Chemical Engineer Chris Boyce Named to Forbes 30 Under 30

Nov 28 2018 | By Holly Evarts | Photo credit: Timothy Lee Photographers

Chris Boyce, assistant professor of chemical engineering, has been named to the Forbes 30 Under 30 in Science list, one of 30 young scientists who are “inventing the future from the atom up.”

Boyce’s work is focused on multiphase granular flows, which occur throughout the natural world. Shifting sand dunes, avalanches, mudslides, and tsunamis all involve flow of granular media such as sand alongside liquids and gases. Granular particle structures can behave much like liquids, with gas bubbles rising through particles and particle droplets forming in hourglass streams. Whether they are materials in different states (gas, liquid, or solid) or in the same state with different chemical properties, multiphase granular flows enable a broad array of technologies from carbon capture to pharmaceutical production.

Boyce takes, as Forbes notes, “an interdisciplinary and unconventional approach” to discovering and characterizing instabilities and other flow anomalies, and analyzing how they couple with chemical reactions. His tools include using magnetic resonance imaging (MRI) in a new way to “see” the dynamics of complex systems such as chemical reactors, coupled with computational modeling, to further explore the physics underlying his discoveries.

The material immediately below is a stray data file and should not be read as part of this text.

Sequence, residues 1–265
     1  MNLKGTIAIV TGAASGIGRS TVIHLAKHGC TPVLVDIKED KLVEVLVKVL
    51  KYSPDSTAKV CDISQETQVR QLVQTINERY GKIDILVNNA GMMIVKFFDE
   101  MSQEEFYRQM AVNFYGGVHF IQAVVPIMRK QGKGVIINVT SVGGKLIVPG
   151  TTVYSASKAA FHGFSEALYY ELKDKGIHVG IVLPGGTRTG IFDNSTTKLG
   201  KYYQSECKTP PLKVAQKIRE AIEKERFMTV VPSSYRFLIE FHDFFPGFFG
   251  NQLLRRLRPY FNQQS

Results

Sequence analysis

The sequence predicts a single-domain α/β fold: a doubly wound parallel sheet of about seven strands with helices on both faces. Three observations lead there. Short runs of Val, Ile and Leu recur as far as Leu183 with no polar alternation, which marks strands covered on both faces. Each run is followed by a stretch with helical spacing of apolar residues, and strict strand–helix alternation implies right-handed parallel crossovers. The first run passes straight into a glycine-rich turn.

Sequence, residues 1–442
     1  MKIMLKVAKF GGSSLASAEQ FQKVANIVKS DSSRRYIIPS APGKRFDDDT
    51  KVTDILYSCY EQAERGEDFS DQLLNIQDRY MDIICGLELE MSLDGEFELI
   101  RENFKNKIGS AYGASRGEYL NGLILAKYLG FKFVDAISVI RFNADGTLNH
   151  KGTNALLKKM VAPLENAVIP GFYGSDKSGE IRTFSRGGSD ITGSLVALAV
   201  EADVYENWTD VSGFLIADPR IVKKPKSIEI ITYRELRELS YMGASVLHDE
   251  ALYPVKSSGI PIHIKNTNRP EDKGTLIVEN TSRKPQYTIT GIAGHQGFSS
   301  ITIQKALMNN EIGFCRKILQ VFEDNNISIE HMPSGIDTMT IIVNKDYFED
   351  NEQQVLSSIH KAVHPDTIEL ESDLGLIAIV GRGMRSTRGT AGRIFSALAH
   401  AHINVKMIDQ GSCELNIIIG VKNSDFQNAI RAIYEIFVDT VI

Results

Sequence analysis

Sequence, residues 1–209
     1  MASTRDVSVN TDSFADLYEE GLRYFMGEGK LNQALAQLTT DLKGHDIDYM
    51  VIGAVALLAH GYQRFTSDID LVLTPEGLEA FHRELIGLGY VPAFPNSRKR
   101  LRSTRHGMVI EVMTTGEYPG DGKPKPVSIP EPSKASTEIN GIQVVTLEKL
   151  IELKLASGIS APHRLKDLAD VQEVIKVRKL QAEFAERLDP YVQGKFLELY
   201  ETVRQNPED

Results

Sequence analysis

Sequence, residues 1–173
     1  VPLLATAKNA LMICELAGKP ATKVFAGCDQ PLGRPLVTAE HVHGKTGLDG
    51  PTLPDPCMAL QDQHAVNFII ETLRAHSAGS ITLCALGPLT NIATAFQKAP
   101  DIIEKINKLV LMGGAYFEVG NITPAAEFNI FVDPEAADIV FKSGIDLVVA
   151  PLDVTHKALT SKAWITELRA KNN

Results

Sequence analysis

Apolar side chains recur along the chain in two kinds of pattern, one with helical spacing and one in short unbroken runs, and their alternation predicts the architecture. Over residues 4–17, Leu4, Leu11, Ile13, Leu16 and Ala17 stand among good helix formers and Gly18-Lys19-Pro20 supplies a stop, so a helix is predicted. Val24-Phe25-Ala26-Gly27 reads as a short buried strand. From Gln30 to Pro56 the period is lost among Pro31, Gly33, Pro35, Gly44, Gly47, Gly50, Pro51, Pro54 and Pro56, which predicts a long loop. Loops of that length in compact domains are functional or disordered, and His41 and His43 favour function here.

“I’m really interested in seeing inside systems, just as X-rays and MRI can see inside the human body,” says Boyce. “These tools enable us to see inside in unprecedented detail, helping us to understand the geological flows surrounding volcanos and earthquakes, as well as to develop new technologies in the energy, pharmaceutical, mining, and filtration industries.”

Because of the many length scales, applications, techniques, and areas of science involved in his work, his group collaborates with engineers across many disciplines, as well as with physicists, chemists, and geologists. One area of particular interest is human health. He observes that “blood flow in living creatures is an incredibly complex system and I’m excited to learn more about it.”

Boyce, who joined Columbia Engineering in 2018, received his BS in chemical engineering and physics from MIT in 2011. He earned his PhD in 2015 at the University of Cambridge, where he was a Gates Cambridge Scholar and winner of the Danckwerts-Pergamon Prize for the best PhD thesis in chemical engineering. From 2015-2017, he held postdoctoral positions at Princeton University and ETH Zurich.